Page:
Clearly, HTML5's star is rising. But declaring that Flash should be retired in favor of HTML5 is a bit like saying that everyone should adopt electric cars. Although we can all agree it's a good idea conceptually, the infrastructure is just not there yet, particularly for online advertising. Digital advertisers need to make an informed choice about what type of media best serves the campaign.
There is no doubt that the increasing share of devices that don't do Flash is putting pressure on creative agencies to build ads using HTML5, and thus avoid building multiple versions to reach tablet users. With differences in screen size and ad delivery, the smartphone was just a warning shot. But for tablets, there is a real opportunity to share assets with the desktop-targeted version of the ad.
Adding to the pressure, Microsoft has joined Safari in banning plug-ins from Metro, the "tablet-version" of IE10 that will be included in Windows 8 shipping this year. With Microsoft and Apple both disavowing Flash (and all browser plug-ins, for that matter) in their future-facing operating systems, it is clear why agencies are viewing HTML5 as the future.
If you view tablet growth and future OS/browser support as the respective rock and hard place that will eventually squeeze Flash out of existence, then the ascension of HTML5 seems to be a given. But it's worth considering what we may be losing as advertisers looking to optimize consumer experiences with brands.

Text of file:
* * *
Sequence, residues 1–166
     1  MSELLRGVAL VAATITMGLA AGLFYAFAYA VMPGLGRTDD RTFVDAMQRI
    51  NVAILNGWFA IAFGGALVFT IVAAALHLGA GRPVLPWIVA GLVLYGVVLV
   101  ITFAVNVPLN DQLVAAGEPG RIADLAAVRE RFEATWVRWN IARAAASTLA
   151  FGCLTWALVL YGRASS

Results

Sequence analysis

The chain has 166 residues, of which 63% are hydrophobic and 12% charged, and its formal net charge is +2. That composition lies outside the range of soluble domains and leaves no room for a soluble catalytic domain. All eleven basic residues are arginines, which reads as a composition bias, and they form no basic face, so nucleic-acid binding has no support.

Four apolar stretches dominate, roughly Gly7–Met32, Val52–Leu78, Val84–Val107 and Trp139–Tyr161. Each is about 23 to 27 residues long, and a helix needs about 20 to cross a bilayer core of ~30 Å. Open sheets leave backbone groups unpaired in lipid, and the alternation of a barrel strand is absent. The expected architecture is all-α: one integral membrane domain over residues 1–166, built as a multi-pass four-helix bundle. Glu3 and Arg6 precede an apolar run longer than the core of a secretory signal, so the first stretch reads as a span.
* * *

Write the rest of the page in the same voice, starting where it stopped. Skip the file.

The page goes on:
While the proprietary "black box" nature of Flash and browser plug-ins in general have been decried by web standards enthusiasts, there are many strengths inherent in the approach that have yet to be replicated with HTML5. Flash content, for example, is portable across browsers and can even be loaded inside other Flash content such as Flash video players. Embed it in a page, and you can be assured that the content in the envelope of the plug-in will not interact with the content outside it. The self-contained nature of the plug-in makes the content visually consistent wherever it's displayed, whereas HTML5 content is subject to differences in browser layout rules and typeface differences across platforms or browsers.
On the authoring side, Flash design and development tools are mature and full-featured. In addition to Flash itself, you have Flash Builder and a number of third-party, code-oriented IDE's like FDT, and Flash has well-developed integration with design software like Photoshop, Illustrator, and Fireworks. That integration enables designers to more easily go from a multi-layered design layout to interactive content. In addition, it's easier to work with scalable low-bandwidth vector content in Flash than any of the HTML5 tools currently available, and having the final output as a single optimized binary file (.swf), rather than a directory of scripts and assets, reduces the complexity of distributing your finished work.